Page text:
When you were in high school, did you ever run into one of your teachers out in the real world – away from school, in non-school-y dress, doing something… ordinary? Like buying milk and eggs or going to a movie?
It was a little unsettling, wasn’t it? Sort of like realizing that your parents had a life before you came along and took over.
We see these folks – teachers, parents, what-have-you – as people who exist purely for our benefit (or torture, whichever the case may be!). But realizing that they have a past, a life that does not revolve purely around us, can be tremendously valuable. It helps us see them for what they are, namely real, living beings who are here to provide us with guidance, knowledge, and clarity, but who are also here on their own journey.
The horses here at Horse Sense of the Carolinas are similar. They are teachers, certainly. They provide tremendous benefit and therapy in their work with clients and in their interactions with us, but they are each strong individuals.
Individuals with a past, and with experiences that inform who they are today and how they are with us in the round pen.
Once they arrive at our gates, become settled and get into the routing of working with clients and being members of our herd, it can be hard to remember that they had a back story at all.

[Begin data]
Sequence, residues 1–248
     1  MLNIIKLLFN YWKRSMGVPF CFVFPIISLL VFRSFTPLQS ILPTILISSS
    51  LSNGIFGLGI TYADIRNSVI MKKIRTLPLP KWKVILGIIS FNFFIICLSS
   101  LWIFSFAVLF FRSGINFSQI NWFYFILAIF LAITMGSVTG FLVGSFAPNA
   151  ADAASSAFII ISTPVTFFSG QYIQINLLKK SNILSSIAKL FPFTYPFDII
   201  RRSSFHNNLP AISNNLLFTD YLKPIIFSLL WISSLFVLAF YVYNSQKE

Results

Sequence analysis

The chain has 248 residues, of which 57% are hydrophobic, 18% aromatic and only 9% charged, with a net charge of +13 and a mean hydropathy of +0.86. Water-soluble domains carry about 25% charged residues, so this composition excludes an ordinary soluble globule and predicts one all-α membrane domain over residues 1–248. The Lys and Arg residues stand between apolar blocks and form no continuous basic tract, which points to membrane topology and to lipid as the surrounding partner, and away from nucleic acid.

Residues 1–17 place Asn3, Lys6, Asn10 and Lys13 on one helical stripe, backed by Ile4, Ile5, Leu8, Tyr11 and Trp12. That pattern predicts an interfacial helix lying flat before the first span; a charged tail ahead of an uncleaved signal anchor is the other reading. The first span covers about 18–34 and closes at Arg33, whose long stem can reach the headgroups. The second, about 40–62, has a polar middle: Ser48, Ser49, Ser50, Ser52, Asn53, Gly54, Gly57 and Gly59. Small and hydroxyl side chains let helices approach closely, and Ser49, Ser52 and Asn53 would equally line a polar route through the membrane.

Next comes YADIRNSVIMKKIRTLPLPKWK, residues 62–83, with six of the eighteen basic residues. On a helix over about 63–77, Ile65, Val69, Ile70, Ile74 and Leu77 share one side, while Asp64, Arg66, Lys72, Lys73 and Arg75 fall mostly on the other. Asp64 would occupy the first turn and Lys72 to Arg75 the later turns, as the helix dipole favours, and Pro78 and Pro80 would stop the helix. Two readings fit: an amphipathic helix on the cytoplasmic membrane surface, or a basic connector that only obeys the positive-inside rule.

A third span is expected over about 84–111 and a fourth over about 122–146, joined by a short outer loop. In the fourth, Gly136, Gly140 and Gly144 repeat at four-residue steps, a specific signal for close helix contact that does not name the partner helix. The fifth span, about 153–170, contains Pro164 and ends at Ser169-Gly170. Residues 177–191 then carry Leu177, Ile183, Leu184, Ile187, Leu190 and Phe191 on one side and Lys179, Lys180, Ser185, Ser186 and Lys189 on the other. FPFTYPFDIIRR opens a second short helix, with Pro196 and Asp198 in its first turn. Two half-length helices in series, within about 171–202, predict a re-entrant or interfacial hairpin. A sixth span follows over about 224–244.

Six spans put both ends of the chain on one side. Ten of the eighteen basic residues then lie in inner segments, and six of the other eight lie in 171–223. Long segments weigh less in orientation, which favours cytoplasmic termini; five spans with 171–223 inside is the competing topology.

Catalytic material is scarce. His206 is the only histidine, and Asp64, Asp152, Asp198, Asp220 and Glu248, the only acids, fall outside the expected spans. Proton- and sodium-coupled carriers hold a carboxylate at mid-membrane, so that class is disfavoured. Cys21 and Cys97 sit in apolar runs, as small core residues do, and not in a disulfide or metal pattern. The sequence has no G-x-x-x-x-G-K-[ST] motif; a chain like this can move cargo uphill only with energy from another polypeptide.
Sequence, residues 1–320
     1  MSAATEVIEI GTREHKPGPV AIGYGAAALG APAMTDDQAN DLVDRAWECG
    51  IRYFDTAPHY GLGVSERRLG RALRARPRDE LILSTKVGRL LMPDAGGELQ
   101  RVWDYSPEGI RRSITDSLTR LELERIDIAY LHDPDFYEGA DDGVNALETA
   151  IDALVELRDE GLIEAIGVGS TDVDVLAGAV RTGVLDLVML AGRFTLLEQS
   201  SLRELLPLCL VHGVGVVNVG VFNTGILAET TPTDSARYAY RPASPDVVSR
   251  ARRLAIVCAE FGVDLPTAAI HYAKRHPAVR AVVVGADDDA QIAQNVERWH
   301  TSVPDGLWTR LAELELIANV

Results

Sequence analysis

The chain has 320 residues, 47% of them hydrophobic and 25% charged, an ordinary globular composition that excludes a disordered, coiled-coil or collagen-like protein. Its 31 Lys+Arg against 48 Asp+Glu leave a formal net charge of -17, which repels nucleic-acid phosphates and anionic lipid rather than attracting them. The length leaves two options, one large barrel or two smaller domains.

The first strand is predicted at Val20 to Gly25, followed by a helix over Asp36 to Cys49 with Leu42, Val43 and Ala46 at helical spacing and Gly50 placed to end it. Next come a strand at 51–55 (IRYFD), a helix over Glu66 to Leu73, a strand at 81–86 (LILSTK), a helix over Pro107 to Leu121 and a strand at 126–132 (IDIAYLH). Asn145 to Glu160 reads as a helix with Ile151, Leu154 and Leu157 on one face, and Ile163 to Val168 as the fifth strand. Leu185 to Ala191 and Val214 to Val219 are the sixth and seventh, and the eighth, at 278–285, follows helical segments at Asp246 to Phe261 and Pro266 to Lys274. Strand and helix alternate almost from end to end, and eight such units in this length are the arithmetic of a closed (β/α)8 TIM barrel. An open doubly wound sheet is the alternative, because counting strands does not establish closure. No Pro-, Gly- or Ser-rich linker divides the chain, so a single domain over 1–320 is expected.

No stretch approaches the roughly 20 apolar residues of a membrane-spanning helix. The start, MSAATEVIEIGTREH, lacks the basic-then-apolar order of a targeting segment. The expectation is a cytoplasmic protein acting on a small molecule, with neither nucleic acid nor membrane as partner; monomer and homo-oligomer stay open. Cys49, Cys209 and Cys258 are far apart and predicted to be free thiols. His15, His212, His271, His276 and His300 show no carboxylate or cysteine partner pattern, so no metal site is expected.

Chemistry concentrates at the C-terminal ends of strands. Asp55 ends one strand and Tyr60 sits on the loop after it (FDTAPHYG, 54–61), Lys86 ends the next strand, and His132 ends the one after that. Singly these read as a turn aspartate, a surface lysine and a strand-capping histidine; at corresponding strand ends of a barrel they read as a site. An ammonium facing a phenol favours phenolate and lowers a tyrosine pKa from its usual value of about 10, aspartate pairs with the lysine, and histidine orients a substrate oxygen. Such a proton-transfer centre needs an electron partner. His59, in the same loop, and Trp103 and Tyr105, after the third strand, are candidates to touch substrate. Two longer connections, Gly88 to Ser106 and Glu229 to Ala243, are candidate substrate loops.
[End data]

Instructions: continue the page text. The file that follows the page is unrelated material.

We recently had two new horses join our herd – a couple of lovely mares. We’ve been letting them settle in and observing their behavior, and learning about their personalities. We even had some of our Facebook friends help us name them!
(By the way: are you following us on Facebook? You really should be – it’s where you’ll get to find out the most up to date goings-on around the farm and you may even get to help name a new horse or two!)
These two mares have been fitting in swimmingly and we cannot wait for them to start working with clients.
Fe, short for Felline, is a little flea-bitten grey Arab mare. She’s 14 years old and has had a bit of a tumultuous history. She has moved around a lot over the years, not because she was a “bad” horse, or because there were any major problems, but simply because nobody had ever really been able (or willing) to seek out her special talents and put them to good use.
She was sort of just hanging around, being a horse.
When she came to us, we had just recently put down a flea-bitten grey Arabian of our own. I ran into Fe’s current owner, a friend of mine, at a local coffee shop, and she asked me if I was looking for any new horses, as she was going through a hard time, personally.
I wasn’t, I replied, but what did she have? When I heard she had a little grey Arabian, I couldn’t ignore the sign.